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Discharge Instructions: COPD

You have been diagnosed with chronic obstructive pulmonary disease (COPD). This is a name given to a group of diseases that limit the flow of air in and out of your lungs. This makes it harder to breathe. With COPD, you are also more likely to get lung infections. COPD includes chronic bronchitis and emphysema. COPD is most often caused by heavy, long-term cigarette smoking.

Home care

Quit smoking

  • If you smoke, get help to quit. It's the best thing you can do for your COPD and your overall health.

  • Join a stop-smoking program. There are even telephone, text message, and online programs to help you quit.

  • Ask your healthcare provider about medicines or other methods to help you quit.

  • Ask family members to quit smoking as well.

  • Don't allow people to smoke in your home, in your car, or when they are around you.

  • Don't use e-cigarettes because they have harmful side effects.

Protect yourself from infection

  • Wash your hands often. Do your best to keep your hands away from your face. Most germs are spread from your hands to your mouth.

  • Get a flu shot every year. Also ask your provider about pneumonia vaccines.

  • Stay away from crowds. It's especially important to do this in the winter when more people have colds and flu.

  • To stay healthy, get enough sleep, exercise regularly, and eat a balanced diet. You should:

    • Get about 8 hours of sleep every night.

    • Try to exercise for at least 30 minutes on most days.

    • Have healthy foods including fruits and vegetables, 100% whole grains, lean meats and fish, and low-fat dairy products. Try to stay away from foods high in fats and sugar.

Take your medicines and oxygen therapy

Take your medicines exactly as directed. Don't skip doses.

During each appointment, talk with your healthcare provider about your ability to:

  • Correctly use inhaler techniques

  • Cope with other conditions you have and their treatments and if they affect your COPD

If you use oxygen, use it correctly. That means the amount you use and the length of time you use it.

  • Discuss long-term oxygen therapy with your provider.

  • Don’t allow smoking in your home, in your car, or around you. This is very important if you use oxygen.

  • Try to stay away from things that may affect your breathing. This includes cold weather, high humidity, smoke, air pollution, dust, and allergens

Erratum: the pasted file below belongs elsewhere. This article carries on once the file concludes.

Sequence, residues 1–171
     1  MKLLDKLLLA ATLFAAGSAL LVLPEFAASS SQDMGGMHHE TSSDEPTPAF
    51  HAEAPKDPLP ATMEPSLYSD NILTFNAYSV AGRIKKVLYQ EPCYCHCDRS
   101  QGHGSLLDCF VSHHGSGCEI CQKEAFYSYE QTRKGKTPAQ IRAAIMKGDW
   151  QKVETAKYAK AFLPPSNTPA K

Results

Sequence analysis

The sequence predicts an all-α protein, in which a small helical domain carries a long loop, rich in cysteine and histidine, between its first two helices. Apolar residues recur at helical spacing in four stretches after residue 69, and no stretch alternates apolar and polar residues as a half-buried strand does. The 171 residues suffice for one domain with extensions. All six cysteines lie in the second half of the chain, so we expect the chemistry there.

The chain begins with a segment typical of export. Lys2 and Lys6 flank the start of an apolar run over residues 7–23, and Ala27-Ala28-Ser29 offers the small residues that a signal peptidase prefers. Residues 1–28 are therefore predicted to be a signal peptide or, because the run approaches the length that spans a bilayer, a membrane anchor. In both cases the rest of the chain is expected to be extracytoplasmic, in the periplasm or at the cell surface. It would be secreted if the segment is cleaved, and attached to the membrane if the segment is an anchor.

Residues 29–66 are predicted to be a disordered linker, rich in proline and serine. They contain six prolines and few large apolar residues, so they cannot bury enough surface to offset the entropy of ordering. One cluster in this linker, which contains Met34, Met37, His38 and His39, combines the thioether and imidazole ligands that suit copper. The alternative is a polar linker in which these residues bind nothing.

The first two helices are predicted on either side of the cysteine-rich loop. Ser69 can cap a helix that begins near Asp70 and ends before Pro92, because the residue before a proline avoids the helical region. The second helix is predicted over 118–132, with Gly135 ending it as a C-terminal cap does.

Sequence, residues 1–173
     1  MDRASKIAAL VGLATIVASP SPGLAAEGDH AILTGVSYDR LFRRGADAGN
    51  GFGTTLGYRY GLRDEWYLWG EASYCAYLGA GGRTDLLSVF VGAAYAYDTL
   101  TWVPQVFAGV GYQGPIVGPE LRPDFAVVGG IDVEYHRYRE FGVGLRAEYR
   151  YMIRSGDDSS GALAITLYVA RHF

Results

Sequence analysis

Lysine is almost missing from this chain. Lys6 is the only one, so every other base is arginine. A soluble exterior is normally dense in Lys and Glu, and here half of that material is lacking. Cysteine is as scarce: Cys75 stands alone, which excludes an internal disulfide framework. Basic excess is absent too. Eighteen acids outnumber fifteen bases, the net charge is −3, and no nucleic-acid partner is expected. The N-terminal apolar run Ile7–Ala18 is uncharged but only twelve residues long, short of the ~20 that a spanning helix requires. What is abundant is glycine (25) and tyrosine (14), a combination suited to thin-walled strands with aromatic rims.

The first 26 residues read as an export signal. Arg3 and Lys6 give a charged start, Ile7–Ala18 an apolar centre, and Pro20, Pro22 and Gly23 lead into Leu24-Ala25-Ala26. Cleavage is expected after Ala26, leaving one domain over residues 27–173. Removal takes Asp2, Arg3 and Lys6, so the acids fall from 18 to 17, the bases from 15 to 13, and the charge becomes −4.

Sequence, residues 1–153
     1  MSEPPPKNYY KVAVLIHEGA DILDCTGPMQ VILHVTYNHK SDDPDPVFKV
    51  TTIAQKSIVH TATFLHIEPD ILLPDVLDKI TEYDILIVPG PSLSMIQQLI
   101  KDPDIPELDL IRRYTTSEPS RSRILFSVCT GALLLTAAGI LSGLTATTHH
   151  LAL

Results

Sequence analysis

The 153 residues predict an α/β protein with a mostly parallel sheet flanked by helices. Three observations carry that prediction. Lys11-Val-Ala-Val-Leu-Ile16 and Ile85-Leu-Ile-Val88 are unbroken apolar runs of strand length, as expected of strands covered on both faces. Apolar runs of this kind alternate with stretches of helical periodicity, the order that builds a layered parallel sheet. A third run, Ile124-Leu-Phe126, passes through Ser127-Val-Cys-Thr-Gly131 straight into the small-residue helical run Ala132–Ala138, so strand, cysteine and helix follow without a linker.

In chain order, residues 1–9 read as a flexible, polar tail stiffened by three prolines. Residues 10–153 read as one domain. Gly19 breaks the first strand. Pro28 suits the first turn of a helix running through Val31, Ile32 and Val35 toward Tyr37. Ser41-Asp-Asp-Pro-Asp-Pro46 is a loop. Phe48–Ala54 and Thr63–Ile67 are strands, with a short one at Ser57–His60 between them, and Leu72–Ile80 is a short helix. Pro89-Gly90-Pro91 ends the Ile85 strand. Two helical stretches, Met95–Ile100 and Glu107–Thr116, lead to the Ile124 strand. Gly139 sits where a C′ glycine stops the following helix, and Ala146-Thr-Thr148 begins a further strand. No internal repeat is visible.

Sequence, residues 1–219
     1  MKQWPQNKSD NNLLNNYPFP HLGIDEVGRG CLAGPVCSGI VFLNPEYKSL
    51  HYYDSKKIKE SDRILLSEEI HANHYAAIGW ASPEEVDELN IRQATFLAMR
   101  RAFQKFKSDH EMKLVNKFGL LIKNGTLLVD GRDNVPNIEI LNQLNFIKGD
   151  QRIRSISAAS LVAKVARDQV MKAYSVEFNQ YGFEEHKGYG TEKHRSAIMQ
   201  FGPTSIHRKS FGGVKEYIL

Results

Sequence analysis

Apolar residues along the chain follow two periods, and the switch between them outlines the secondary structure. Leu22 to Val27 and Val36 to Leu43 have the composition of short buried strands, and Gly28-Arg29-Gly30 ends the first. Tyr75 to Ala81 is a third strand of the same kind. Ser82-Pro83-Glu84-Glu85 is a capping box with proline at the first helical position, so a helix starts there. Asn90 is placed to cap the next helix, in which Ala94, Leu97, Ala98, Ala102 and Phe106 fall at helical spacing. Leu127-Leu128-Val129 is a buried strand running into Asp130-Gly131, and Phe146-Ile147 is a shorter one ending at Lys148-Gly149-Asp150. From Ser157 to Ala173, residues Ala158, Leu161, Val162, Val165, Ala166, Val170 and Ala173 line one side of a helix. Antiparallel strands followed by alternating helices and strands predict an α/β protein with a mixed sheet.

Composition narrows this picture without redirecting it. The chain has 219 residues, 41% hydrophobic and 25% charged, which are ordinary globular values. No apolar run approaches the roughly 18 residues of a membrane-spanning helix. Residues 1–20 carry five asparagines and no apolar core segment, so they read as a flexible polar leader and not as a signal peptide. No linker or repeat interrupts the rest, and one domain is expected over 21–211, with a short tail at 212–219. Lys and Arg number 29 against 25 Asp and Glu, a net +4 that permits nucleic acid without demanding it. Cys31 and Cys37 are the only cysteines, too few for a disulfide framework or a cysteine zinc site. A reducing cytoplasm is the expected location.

• Unless your provider has told you otherwise, drink at least 8 glasses of fluid every day to keep mucus thin. Ask about other things that can help.

  • Ask your provider to show you pursed-lip breathing to help decrease shortness of breath.

Manage your stress

Stress can make COPD worse. Use this stress management method:

  • Find a quiet place and sit or lie in a comfortable position.

  • Close your eyes and do breathing exercises for several minutes. Ask your provider about the best way to breathe.

    Talk to your healthcare provider about your ability to cope in your normal environment.

Pulmonary rehabilitation

  • Pulmonary rehab can help you feel better. These programs include exercise, breathing methods, information about COPD, counseling, and help for smokers.

  • Ask your provider or your local hospital about programs in your area. Also talk to your healthcare provider about a self-management program to help control your symptoms.

When to call your healthcare provider

Call your provider right away if you have any of the following:

  • More mucus

  • Yellow, green, bloody, or smelly mucus

  • Fever or chills

  • Swollen ankles

Call 911

Call 911 if you have:

  • Shortness of breath, wheezing, or trouble breathing that doesn't improve with treatment

  • Tightness in your chest that does not go away with your normal medicines

  • An irregular heartbeat or feeling that your heart is racing

  • Trouble talking

  • Feeling of lightheadedness or dizziness

  • Feeling of doom

  • Skin turning blue, gray, or purple in color

Online Medical Reviewer: Alan J Blaivas DO
Online Medical Reviewer: Daphne Pierce-Smith RN MSN CCRC
Online Medical Reviewer: Wanda Taylor RN PhD
Date Last Reviewed: 10/1/2018
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